The older King Saxophone has been a favorite of sax players since it was introduced in 1916. They are still preferred by a number of today’s professional saxophonists, however don’t seem to have that prestige or popularity of many of the front running brands. There is however a little history to the company.
King horns were manufactured by the H.N. White Company, founded by musical instrument repair technician Henderson N. White in 1893. After a brief relationship with a business partner, C.H. Berg, White became sole owner of the company in 1903. The early company imported and sold Buffet horns from 1908 to 1910 followed by Kohlert saxophones from 1910-1916.
The first King Saxophone, an alto model, was designed and built in 1915. The U.S. Army bought the entire production of alto saxes made from 1916-1918. Tenor and C melody horns were offered in 1919 while curved soprano, baritone and C soprano models were added to the line in 1922. In the early 1920s, H.N. White introduced the King “Saxello” that featured a half-turned bell and was a Bb soprano model. The Saxello was discontinued after the depression forced H.N. White to make cutbacks. Surviving examples of the King Saxello are both rare and valuable.
The King Saxophone can attribute its unique sound in part to an equally unique design that makes use of a double set of pads actuated by the G key which operates both the G and G sharp notes. This design allows the musician more flexibility to hit combinations of notes in addition to playing the A note. Models built after 1924 used braised instead of drawn tone holes. Nickel plating was also offered and the engraving on King Saxophones produced during this time is considered some of the best available.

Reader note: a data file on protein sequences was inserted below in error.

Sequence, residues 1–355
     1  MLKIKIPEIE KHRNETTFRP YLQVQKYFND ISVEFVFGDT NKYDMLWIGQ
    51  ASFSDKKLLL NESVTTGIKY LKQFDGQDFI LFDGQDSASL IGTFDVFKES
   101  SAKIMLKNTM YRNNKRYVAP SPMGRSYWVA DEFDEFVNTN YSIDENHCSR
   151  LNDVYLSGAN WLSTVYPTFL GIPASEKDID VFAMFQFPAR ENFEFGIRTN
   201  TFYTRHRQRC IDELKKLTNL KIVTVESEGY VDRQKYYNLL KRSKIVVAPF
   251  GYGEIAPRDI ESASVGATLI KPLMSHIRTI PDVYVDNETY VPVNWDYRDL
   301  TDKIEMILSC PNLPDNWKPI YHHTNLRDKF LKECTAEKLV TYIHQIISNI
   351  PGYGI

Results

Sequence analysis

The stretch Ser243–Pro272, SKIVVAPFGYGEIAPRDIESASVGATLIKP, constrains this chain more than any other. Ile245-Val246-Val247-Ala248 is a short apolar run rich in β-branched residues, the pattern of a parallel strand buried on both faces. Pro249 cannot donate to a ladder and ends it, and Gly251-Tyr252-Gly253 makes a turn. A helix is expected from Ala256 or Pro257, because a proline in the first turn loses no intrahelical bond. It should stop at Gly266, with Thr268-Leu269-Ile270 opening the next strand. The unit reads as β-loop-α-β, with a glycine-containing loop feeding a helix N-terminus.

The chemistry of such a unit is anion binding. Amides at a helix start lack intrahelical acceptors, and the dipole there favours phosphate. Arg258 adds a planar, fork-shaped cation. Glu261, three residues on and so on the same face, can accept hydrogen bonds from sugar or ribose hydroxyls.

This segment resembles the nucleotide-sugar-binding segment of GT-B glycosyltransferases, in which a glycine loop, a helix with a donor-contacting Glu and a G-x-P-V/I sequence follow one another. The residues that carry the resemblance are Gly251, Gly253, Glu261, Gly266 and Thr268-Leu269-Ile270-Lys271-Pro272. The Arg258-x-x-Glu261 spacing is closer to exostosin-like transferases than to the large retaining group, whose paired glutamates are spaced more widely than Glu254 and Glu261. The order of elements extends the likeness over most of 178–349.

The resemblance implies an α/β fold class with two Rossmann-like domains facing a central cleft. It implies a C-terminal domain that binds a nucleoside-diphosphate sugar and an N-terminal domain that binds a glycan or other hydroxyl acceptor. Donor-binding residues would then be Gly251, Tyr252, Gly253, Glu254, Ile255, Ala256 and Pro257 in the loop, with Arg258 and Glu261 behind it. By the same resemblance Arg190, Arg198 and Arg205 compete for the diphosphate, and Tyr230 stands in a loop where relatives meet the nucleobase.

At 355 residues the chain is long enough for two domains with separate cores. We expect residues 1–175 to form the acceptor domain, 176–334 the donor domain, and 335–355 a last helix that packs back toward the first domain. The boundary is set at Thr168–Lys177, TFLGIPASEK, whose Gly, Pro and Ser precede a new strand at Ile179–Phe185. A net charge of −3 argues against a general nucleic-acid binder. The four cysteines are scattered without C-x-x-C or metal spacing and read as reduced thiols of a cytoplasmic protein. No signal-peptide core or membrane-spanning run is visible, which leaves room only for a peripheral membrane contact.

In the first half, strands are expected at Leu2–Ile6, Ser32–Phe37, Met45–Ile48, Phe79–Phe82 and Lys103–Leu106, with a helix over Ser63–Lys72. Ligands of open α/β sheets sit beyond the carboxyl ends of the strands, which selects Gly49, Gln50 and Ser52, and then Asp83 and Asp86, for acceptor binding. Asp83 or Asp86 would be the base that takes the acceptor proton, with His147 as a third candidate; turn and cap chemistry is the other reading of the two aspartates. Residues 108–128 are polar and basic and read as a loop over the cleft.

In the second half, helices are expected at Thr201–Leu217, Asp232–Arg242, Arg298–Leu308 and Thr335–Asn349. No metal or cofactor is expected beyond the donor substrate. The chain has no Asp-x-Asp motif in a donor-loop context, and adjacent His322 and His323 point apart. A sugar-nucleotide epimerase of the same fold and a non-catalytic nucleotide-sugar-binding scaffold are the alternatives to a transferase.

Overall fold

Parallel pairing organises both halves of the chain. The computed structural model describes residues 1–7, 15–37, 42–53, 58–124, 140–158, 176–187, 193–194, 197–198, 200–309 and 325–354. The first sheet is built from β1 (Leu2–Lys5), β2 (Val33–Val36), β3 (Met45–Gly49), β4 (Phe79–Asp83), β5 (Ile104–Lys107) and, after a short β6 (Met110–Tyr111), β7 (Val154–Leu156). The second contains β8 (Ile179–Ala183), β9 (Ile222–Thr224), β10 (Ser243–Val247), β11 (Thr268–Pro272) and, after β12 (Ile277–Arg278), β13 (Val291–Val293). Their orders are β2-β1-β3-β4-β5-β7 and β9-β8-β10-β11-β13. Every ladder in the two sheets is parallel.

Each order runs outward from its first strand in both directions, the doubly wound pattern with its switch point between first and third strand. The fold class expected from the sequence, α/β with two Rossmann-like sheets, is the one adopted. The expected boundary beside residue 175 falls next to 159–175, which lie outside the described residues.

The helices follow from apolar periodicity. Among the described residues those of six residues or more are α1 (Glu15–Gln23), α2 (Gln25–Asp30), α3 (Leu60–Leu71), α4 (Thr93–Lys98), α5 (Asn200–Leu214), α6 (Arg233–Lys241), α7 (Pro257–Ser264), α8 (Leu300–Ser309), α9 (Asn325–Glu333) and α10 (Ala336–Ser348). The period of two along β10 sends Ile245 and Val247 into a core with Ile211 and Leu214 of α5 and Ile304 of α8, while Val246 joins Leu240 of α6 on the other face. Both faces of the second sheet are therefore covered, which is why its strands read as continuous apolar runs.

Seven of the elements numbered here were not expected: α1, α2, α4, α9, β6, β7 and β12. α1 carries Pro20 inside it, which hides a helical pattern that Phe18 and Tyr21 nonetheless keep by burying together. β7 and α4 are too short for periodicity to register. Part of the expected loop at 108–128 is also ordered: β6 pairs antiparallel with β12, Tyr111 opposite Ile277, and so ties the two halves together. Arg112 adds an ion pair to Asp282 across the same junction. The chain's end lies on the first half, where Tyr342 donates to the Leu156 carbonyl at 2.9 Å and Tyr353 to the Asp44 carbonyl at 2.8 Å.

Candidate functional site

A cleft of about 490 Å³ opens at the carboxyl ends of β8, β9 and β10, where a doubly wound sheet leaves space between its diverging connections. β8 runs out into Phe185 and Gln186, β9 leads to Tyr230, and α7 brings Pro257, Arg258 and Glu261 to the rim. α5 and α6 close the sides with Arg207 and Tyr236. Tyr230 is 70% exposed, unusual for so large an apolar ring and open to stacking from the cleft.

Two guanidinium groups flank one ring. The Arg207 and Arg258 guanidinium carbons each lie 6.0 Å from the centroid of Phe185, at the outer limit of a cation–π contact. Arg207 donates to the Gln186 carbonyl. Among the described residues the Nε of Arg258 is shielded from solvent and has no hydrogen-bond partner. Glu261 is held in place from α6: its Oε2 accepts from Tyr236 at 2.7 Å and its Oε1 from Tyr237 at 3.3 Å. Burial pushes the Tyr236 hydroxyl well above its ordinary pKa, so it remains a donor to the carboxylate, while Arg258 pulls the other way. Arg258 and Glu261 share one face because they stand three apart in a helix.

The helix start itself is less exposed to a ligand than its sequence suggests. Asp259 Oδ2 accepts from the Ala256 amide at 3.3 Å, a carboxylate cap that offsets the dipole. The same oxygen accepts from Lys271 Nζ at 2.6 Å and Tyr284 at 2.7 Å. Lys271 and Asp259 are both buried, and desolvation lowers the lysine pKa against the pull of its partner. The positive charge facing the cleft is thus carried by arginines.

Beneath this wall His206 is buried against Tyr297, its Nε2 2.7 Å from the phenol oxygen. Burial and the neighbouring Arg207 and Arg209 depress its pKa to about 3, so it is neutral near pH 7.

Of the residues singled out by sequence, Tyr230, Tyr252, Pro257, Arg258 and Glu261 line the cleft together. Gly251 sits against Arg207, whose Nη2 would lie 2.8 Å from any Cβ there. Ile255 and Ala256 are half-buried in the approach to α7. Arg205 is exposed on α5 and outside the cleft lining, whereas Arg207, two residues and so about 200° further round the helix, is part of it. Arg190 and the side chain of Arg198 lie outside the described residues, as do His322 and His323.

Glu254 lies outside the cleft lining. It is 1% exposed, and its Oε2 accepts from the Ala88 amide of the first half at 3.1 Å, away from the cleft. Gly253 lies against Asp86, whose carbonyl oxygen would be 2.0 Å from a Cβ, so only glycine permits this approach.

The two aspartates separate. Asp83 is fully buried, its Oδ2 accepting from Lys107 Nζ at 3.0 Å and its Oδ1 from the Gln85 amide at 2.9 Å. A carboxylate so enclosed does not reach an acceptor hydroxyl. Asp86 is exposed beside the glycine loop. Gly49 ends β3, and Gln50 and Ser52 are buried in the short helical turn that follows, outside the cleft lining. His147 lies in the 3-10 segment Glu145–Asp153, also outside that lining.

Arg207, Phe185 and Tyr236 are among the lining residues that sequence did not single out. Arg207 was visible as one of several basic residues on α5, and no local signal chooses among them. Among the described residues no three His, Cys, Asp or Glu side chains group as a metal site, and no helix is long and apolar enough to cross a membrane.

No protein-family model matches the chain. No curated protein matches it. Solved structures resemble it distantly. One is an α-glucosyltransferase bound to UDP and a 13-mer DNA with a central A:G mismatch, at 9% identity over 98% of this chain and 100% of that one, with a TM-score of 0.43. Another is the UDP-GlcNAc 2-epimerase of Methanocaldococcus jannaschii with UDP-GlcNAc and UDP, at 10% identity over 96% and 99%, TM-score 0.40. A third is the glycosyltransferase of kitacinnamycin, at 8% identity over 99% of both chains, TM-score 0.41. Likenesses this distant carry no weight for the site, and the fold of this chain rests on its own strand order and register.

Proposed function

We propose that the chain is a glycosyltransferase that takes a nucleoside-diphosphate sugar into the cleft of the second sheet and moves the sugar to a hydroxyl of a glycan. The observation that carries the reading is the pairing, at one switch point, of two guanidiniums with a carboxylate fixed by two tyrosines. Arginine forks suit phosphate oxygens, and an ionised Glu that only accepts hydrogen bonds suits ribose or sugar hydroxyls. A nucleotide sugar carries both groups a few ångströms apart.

A newly designed mouthpiece was introduced in 1930 along with more than twenty improvements to previous models. New tenor and alto saxophone were introduced after 1932.
The Super 20 Saxophone was added to the line after the second World War and included a new neck design that reduced air leakage. These horns also featured a lighter action and were said to be easier to play.
The list of musicians that used Super 20 Saxophones is as impressive as the instrument’s pedigree. Julian “Cannonball” Adderley, Georgie Auld, Sam Donahue and Charlie Ventura in addition to contemporary greats Charlie Parker, Jr. and Harry James all played King Super 20 models. Renowned band leader Tommy Dorsey also preferred a King Saxophone.
Vintage King Saxes are sought by collectors and musicians all over the world. At one time, the H.N White Company produced saxophones under the King name in addition to horns carrying the American Standard and Cleveland brands.
By 1965, the H.N. White Company had been sold and the name of the company was changed to King Instruments. Today, the King name appears on instruments made by Conn-Selmer which are primarily produced for the student market.
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